The Payments System in Canada: An Overview of Concepts and Structures

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1 Discussion Paper 1 The Payments System in Canada: An Overview of Concepts and Structures Background Paper for Discussion by the Payments System Advisory Committee Prepared by Staff of the Bank of Canada and the Department of Finance February 1997

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3 Foreword This paper is the first in a series of background papers prepared by staff of the Bank of Canada and the Department of Finance for discussion by the Payments System Advisory Committee. The Advisory Committee will assist the Department of Finance in its review of the payments system in Canada. This first paper describes the evolution of the payments system in Canada and provides a detailed description of the instruments, services, and institutions of the current payments system. Payments procedures - including clearing and settlement - for each of the payments instruments are examined and the settlement risks associated with the various processes are profiled. Similarities and differences among the payments instruments, their payments processes, and their risk profiles are highlighted. The paper ends with a brief description of significant recent developments in the Canadian payments system, notably the development of the Canadian Payments Association s Large-Value Transfer System, structural changes in the Interac Association, and the passage of the Payment Clearing and Settlement Act. When they are published, the papers in the series will usually be accompanied by a brief summary of the relevant discussions by the Advisory Committee. A summary of the discussions is not included with this paper, however, as the Committee s comments were composed primarily of suggestions for redrafting an earlier version of the paper, most of which have been incorporated in this document.

4 Table of Contents 1. Introduction 1 2. Evolution of the Payments System in Canada 2 3. Basic Elements of the Canadian Payments System Instruments 5 Cash 5 Cheques 6 Direct Funds Transfer 8 Payment Cards and Electronic Money Payments Services 12 Access Services 12 Messaging Services 15 Clearing Services 16 Settlement Services Legal Framework Payments System Risks 24 Sources of Risk 24 Risk Control and Risk Allocation Mechanisms Payments Processes and Associated Risks in the Canadian System 28 Cash Payments 28 Cheque Payments 28 Cheque Payments in U.S. Dollars 34 Direct Debit Transfers 34 Direct Credit Transfers 34 Credit Card Payments 36 Debit Card Payments 39 Stored value cards and E-Money Payments 41

5 5. Overview of the Structure and Risk Profile of the Payments System Some Recent Developments in the Canadian Payments System 49 The Large-Value Transfer System 49 The Interac Association 50 The Payment Clearing and Settlement Act 52 Appendix: U.S. Dollar Payments 53 U.S. Dollar Cheques 53 Other Cross-Border Payments Instruments 56 Bibliography 57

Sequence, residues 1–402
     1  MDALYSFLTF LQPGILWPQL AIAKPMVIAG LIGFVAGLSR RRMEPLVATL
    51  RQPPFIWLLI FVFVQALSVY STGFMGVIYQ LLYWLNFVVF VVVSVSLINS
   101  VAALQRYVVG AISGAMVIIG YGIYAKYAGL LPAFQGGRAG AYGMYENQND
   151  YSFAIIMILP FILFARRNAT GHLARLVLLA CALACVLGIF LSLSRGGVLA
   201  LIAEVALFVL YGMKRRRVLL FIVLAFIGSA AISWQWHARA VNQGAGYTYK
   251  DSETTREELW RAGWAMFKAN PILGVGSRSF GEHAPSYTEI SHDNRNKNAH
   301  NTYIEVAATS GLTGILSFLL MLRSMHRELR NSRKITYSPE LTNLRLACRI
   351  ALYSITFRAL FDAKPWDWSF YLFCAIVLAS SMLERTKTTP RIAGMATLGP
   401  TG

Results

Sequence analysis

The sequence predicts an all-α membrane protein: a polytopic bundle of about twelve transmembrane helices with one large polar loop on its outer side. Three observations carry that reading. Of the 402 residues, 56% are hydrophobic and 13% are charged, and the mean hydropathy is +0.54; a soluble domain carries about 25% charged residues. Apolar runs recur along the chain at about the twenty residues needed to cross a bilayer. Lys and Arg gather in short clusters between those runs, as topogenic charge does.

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7 1 1. Introduction The payments system in Canada is essentially a network of competing and complementary services that facilitates transactions involving the exchange of a means of payment in return for goods, services, real assets, and financial assets. The means of payment can take on many forms - from traditional instruments such as currency and chequable deposits in banking institutions, through debit and credit cards, to modern electronic vehicles such as stored-value cards and network tokens in an electronic purse. The instruments, rules, institutions, and technical processes that facilitate the transfer of value to discharge the payment obligations, and that govern the intermediary agents involved, form the architecture of the payments system in Canada. As a central element in the economic infrastructure, the payments system has a significant effect on the operating efficiency of the Canadian economy. New information technologies, new financial services and instruments, an increasing number and widening range of institutions interested in providing payment services, and growing cross-border payments flows are changing the demands on the payments system. The federal government recognizes that a thorough, forward-looking assessment of the payments system framework with the assistance of stakeholders - users, service providers, and government and its agencies - is required. In its consultation paper on proposed changes in financial sector legislation, the government announced its intention to undertake a review of the payments system with the assistance of an advisory committee. The advisory committee, composed of public and private sector members with expertise in the payments area, was formed in late August and is cochaired by senior officials from the Bank of Canada and the Department of Finance. The committee will discuss a number of fundamental issues such as access to the payments system, the structure of the payments system, and its governance to help the federal government ascertain whether adjustments are needed to achieve public policy objectives concerning, primarily, the efficiency and safety of the payments system. This is the first in a series of papers on topics of fundamental interest to the advisory committee. This first paper describes the current payments system in Canada and is designed to help provide a foundation for future discussions of the committee. Along with a brief overview of the evolution of the payments system in Canada, the basic elements of the payments system will be